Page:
Fishbone Diagram Helps Us Understand Variation In Our Outputs

Posted by on Dec 19, 2021 in Uncategorized | 0 comments

The fishbone diagram, or more formally called the Cause-and-Effect Diagram, was first developed by Dr. Kaouru Ishikawa in 1943.  It can help you relate the causes, or x’s, to the effect Y.  The effect or output (Y) is what we’re trying to improve, and the reasons (x’S) are the sources of variation in our process that need to be decreased.  Our goal is to determine the sources of variation that cause the Y to vary the most.
Teams like this tool because it is easy to use.  They can brainstorm various sources of variation and put them into categories or headings in the fishbone diagram.  Common types may include the 6M’s; Man, Machine, Material, Method, Measurement, and Mother Nature.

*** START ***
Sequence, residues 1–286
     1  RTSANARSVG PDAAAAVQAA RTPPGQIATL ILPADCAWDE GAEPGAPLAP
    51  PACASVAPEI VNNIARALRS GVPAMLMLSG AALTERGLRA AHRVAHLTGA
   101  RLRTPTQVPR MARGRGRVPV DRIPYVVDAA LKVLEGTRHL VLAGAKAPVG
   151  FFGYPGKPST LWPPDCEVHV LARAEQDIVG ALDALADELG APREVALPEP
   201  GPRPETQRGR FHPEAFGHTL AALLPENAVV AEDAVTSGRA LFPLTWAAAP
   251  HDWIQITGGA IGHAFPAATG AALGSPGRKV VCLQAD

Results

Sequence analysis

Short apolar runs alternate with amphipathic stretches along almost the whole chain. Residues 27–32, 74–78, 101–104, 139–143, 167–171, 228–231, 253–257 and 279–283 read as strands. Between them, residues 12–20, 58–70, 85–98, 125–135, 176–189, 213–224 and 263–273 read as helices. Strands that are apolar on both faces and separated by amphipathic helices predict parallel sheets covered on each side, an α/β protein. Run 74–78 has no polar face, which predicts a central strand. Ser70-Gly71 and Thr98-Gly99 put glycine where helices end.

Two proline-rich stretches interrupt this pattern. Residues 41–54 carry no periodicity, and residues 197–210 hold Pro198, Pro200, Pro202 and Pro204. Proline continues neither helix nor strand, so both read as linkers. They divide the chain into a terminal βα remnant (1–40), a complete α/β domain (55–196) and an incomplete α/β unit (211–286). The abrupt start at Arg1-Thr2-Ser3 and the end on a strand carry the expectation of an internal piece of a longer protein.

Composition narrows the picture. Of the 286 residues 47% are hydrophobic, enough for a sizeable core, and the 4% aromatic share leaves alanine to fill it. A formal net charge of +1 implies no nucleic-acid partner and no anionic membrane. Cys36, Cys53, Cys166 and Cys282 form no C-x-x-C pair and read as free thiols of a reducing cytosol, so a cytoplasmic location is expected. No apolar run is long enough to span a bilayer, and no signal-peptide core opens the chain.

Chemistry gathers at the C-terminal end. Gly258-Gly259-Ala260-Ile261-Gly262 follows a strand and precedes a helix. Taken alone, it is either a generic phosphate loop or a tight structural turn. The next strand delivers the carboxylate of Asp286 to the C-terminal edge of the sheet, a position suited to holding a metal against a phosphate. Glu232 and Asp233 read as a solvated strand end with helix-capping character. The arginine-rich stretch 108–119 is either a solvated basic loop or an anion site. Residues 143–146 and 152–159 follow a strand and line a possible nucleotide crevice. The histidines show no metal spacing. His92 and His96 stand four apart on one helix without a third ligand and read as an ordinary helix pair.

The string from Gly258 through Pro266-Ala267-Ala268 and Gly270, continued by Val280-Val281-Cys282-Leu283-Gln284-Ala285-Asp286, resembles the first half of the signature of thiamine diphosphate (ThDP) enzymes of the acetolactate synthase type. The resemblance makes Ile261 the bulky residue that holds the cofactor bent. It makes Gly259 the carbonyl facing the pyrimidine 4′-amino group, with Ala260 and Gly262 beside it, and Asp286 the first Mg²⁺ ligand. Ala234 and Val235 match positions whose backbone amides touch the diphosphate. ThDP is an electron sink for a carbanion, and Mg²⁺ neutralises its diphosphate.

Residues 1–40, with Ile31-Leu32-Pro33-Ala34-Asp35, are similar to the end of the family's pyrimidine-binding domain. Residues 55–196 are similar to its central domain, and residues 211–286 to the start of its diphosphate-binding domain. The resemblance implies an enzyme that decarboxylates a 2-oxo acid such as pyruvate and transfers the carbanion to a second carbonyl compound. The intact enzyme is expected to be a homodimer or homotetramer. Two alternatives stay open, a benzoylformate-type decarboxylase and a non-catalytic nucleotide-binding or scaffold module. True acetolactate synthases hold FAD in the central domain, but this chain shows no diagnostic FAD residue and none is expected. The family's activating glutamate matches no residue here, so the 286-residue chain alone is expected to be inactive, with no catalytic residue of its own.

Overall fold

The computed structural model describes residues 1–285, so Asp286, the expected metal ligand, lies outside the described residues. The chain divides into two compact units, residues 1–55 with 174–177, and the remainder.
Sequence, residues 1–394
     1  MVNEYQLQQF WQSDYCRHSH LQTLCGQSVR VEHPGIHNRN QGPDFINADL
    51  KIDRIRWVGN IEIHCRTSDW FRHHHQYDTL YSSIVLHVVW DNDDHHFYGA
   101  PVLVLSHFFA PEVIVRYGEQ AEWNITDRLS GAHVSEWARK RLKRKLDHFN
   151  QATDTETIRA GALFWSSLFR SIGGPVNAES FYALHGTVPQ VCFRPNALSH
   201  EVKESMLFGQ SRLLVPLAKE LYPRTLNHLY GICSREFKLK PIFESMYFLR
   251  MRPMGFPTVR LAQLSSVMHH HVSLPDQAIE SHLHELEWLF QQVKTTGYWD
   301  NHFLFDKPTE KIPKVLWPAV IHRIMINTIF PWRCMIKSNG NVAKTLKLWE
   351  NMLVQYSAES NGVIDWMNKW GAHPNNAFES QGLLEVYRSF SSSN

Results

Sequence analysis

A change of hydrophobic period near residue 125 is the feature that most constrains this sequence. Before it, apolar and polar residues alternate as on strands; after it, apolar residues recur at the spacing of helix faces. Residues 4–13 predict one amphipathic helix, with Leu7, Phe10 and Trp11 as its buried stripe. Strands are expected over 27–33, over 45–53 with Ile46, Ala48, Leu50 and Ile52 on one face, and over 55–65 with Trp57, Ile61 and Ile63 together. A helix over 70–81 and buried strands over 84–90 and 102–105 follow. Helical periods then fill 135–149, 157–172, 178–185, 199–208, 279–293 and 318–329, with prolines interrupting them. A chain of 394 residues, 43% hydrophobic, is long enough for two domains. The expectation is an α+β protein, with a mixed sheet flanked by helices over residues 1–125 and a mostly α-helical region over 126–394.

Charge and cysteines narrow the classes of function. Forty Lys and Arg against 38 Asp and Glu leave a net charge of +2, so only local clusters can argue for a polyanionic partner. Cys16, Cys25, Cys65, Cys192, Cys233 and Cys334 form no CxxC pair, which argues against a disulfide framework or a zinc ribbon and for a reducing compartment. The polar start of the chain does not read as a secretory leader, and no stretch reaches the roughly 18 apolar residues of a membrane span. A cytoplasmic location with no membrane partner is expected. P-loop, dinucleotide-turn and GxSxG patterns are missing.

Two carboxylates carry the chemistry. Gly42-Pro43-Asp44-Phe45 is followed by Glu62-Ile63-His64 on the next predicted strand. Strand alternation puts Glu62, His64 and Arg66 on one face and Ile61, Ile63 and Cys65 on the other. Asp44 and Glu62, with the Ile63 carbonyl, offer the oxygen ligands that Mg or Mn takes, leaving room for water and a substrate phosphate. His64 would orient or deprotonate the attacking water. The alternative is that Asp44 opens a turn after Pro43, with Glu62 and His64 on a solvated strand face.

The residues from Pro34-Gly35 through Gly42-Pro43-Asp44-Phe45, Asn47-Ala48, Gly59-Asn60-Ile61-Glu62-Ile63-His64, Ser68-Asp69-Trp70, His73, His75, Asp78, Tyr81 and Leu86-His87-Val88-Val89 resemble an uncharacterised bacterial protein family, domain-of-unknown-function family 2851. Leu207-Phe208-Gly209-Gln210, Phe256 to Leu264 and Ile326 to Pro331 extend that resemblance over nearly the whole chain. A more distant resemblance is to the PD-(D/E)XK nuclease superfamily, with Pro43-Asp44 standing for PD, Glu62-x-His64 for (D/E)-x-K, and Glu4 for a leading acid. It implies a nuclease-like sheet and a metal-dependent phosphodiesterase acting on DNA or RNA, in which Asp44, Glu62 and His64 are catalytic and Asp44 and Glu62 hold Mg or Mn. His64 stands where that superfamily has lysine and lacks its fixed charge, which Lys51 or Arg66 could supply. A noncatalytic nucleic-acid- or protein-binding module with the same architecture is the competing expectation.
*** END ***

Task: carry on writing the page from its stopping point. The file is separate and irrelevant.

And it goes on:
The fishbone diagram can be used in any operation, anytime a team searches for causes.  When using this tool, it is essential to keep asking “Why?” repeatedly.  If the fishbone diagram states the obvious, the team should try again.
When the team has exhausted the ideas for possible causes, they should determine the top 5 to investigate further.  Typically some reasons will have a more significant impact on the effect, and the team will have to decide what those are.
The team may want to consider the following:
  • Is it a cause (not a solution?)
  • Can we do anything about the reason?
  • Are we pretty sure that it will change the effect?
  • Do we agree?

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